The main function of the indicator is to record balls and strikes. A plate umpire should always have an indicator. It is recommended that at least one base umpire also use an indicator just in case they need to assist the plate umpire.
Place the indicator in the palm of your left hand and hold it with the ring finger and the pinkie finger. Always use the indicator in your left hand as this frees the right hand for calling strikes. It is very difficult to change the indicator with the right hand and there is always the risk of throwing it away while calling pitches.
Avoid looking down at your indicator. Keep your eyes on the ball and avoid missing a pick-off or quick-pitch. Practice with your indicator until you can glance at it and be able to reset it by feel. If you need to look at it while the ball is live, don’t look down, hold it up at eye level and glance at it while you’re still watching the field.
The indicator takes some practice but it becomes second nature for experienced umpires.
The mask should be adjusted so that it is loose enough to fall away slightly from your chin when you are in the proper slot stance. A mask that is too tight will transfer any shock from a foul ball as opposed to absorbing or deflecting the force. When wearing a traditional wire frame mask, the hat should always be worn with the bill facing forward. Once your mask and harness are properly adjusted, it is recommended that any unnecessary straps be cut close to the adjusting mechanism. Nylon harness straps should be singed with a match or lighter to prevent fraying. Elastic straps can be wrapped with black electrical tape.
As the mask is removed often to provide the best possible view of all action, umpires need to learn the proper way for removal. The left hand is used in removing the mask – shift the indicator so the thumb is free. Grasp the mask so that the thumb is at the side of or under the jaw and the index and middle finger are gripping the frame. Remove the mask by lifting straight out first, then straight up, clearing the brim of the cap. By using this method, you can be sure that your cap will remain on your head. By keeping the mask in your left hand you will avoid the danger of hitting a player with it or throwing it while calling a runner out.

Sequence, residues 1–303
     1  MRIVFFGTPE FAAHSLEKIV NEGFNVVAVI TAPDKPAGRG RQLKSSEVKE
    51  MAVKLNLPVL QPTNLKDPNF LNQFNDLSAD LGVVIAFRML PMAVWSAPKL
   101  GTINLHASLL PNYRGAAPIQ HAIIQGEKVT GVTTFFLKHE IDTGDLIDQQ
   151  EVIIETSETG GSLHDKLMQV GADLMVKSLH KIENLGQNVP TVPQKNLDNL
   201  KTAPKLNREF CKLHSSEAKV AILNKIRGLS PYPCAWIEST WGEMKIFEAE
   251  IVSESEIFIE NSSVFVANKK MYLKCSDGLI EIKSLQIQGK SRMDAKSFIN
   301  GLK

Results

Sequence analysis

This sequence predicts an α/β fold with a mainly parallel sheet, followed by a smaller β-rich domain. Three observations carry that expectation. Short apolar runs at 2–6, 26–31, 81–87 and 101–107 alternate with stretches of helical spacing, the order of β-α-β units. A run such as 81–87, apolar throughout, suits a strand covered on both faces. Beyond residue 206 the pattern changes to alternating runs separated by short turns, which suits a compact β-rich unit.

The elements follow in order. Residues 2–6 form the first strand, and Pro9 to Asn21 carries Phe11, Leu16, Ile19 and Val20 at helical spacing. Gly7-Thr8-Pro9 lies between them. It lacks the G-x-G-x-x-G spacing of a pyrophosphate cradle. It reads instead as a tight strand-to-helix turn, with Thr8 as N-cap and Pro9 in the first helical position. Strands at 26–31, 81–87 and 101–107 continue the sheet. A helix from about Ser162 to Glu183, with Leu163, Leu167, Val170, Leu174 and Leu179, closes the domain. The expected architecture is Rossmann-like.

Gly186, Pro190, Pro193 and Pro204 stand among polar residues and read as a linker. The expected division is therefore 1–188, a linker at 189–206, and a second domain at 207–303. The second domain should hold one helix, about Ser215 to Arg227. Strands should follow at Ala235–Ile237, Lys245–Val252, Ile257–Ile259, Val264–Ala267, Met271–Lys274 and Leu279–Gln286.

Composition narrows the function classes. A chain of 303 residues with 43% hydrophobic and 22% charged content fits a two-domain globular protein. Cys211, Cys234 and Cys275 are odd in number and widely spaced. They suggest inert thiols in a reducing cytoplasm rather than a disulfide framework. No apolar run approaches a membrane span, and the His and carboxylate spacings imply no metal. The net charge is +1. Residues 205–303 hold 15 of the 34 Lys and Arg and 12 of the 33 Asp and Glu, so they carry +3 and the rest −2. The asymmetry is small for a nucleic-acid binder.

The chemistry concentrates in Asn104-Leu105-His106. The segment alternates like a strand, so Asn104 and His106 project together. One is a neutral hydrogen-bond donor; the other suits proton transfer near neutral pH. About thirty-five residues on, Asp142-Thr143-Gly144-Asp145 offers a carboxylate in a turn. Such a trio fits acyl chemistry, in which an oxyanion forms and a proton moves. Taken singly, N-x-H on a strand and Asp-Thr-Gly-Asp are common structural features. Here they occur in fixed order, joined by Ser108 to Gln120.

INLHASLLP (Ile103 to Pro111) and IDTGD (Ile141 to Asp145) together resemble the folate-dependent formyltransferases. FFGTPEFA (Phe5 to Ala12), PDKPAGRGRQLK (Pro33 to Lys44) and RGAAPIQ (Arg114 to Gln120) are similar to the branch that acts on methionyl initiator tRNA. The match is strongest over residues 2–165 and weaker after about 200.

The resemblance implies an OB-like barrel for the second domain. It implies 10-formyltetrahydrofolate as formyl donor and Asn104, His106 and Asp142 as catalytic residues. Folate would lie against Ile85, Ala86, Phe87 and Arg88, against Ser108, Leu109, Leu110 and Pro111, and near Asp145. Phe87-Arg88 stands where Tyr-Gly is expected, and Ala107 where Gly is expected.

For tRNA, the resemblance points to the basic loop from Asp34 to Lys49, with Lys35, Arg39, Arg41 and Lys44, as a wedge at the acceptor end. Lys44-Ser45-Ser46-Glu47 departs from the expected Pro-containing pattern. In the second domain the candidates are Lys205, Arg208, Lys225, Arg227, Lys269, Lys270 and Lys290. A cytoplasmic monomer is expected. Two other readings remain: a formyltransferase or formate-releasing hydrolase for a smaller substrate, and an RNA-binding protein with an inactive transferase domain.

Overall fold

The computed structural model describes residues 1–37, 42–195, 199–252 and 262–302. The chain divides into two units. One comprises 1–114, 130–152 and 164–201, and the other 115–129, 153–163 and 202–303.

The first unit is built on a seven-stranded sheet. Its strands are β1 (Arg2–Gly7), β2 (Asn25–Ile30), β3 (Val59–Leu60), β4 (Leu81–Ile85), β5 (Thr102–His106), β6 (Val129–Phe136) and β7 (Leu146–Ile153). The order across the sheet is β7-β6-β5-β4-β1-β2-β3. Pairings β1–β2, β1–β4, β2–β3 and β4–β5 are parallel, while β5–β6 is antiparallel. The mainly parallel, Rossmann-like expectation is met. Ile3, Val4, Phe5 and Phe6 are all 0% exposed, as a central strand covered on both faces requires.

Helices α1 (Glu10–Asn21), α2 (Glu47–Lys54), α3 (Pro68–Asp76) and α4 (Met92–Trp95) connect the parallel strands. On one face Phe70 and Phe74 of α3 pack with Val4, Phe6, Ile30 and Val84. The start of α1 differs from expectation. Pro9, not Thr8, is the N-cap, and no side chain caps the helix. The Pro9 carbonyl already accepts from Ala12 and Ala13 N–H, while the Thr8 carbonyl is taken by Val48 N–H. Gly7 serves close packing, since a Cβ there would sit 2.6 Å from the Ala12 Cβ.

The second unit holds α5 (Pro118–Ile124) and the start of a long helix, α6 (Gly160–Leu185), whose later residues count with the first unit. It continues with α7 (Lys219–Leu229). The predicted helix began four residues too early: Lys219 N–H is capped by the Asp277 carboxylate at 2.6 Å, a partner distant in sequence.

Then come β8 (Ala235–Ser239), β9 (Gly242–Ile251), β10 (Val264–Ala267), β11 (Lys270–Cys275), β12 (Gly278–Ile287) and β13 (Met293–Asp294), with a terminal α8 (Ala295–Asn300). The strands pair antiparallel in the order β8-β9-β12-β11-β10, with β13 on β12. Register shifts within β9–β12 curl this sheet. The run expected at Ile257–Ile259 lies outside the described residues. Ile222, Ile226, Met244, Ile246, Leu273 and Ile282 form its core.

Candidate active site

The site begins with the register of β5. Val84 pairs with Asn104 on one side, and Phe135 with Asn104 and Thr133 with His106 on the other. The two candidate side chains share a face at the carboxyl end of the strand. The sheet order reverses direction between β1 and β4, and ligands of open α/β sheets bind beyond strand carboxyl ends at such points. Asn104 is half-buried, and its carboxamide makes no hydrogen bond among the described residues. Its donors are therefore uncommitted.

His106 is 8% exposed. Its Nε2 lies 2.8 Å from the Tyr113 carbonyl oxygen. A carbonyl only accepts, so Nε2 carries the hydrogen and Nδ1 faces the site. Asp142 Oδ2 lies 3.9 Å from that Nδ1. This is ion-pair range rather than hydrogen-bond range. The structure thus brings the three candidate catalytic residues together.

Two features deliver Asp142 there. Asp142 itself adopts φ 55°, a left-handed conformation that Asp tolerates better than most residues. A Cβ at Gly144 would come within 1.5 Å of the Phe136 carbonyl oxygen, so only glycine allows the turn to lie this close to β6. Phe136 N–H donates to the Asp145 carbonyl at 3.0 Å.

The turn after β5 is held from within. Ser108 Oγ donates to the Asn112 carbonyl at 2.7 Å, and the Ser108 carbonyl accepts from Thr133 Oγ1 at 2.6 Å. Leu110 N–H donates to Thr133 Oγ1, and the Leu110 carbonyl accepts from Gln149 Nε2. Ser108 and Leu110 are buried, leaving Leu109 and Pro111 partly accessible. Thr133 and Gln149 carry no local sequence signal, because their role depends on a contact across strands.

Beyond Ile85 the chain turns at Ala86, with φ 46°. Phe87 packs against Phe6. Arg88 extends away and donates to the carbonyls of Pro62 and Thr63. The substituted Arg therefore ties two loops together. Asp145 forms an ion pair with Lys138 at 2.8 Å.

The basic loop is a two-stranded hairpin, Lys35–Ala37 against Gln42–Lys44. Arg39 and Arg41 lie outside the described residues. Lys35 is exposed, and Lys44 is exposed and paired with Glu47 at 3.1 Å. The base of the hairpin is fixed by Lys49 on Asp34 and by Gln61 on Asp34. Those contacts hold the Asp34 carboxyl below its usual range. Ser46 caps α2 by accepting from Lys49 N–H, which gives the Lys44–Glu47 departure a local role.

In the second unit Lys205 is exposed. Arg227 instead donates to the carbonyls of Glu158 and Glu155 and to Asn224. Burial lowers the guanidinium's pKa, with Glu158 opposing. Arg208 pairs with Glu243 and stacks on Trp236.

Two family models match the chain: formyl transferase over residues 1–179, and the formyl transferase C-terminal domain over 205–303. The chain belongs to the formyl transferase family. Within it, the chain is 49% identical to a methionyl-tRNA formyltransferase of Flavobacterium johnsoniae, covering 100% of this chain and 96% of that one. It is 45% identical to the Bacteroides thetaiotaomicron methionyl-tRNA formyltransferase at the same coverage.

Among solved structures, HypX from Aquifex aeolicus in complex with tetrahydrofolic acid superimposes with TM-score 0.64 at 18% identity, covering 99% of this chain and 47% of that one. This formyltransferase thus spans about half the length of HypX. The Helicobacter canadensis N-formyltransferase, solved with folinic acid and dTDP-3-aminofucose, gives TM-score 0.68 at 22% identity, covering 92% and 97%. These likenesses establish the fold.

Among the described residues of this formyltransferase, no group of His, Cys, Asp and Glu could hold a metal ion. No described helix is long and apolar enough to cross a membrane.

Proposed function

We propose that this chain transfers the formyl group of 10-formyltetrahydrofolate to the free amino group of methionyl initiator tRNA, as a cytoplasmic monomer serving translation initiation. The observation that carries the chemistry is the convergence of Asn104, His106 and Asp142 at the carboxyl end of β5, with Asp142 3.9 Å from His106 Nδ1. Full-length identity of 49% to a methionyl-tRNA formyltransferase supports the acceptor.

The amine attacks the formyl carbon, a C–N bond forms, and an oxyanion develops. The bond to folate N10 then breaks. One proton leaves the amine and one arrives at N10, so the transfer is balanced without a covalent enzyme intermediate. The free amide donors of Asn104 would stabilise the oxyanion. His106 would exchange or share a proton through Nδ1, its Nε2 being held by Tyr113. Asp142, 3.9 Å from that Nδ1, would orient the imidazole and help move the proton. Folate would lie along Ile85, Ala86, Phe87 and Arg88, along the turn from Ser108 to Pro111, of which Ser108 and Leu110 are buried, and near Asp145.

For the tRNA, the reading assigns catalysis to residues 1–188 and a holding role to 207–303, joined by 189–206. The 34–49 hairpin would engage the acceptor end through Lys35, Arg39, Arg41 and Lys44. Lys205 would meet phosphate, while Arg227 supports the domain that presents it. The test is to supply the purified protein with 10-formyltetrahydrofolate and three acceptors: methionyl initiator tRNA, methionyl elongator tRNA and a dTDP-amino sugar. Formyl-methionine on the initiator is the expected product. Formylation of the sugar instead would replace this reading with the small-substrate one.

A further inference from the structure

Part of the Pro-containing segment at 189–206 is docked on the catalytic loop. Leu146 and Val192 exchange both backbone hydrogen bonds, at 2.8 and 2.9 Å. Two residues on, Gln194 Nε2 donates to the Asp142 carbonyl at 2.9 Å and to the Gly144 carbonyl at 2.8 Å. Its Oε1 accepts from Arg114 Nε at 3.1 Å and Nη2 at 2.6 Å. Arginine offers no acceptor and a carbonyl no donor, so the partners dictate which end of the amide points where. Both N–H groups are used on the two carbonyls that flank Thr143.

Unless you are using the old-fashioned balloon chest protector, the modern chest protectors should always be worn inside the shirt. The harness should securely hold the protector to your chest, but still allow for enough movement so that when you are in the “B position” waiting for the pitch, the top of the protector adequately protects your clavicle.
The shin guards should always be worn underneath the pant legs. Even without special umpire plate pants, you should be able to wear your shin guards underneath any pair of pants. Always wear your shin guards so that the hooks and loops of the straps are on the outside of your leg. It is also recommended that the loose ends of all straps be oriented in such a way so that the ends are underneath the actual strap and not on the outside of the strap. Strap ends can also be sewn to prevent them from coming loose.
Dressing for Protection and Safety
Dressing for protection and safety should be a high concern. This not only protects you as an official, but also sets a proper example for the leagues and other umpires. An umpire who cannot equip themselves to an adequate level of protection for a game should simply not work that game. Listed below is some of that necessary safety gear, as well as a few other suggested supplies.
- Chest Protector
- Shin Guards (bring along extra straps)
- Fitted Base or Plate Cap
- Protective Cup
- Equipment Bag
- Ball Bag
- Plate and Base Umpire Shoes (Extra shoe laces)
- Umpiring Shirts (one sized to accommodate your chest protector) with fold-down collar, left chest pocket
- Small First-Aid Kit
- Sun Block
- Bug Spray
- Gloves (sometimes it gets cold)
- Tape Measure (coaches love to question distance)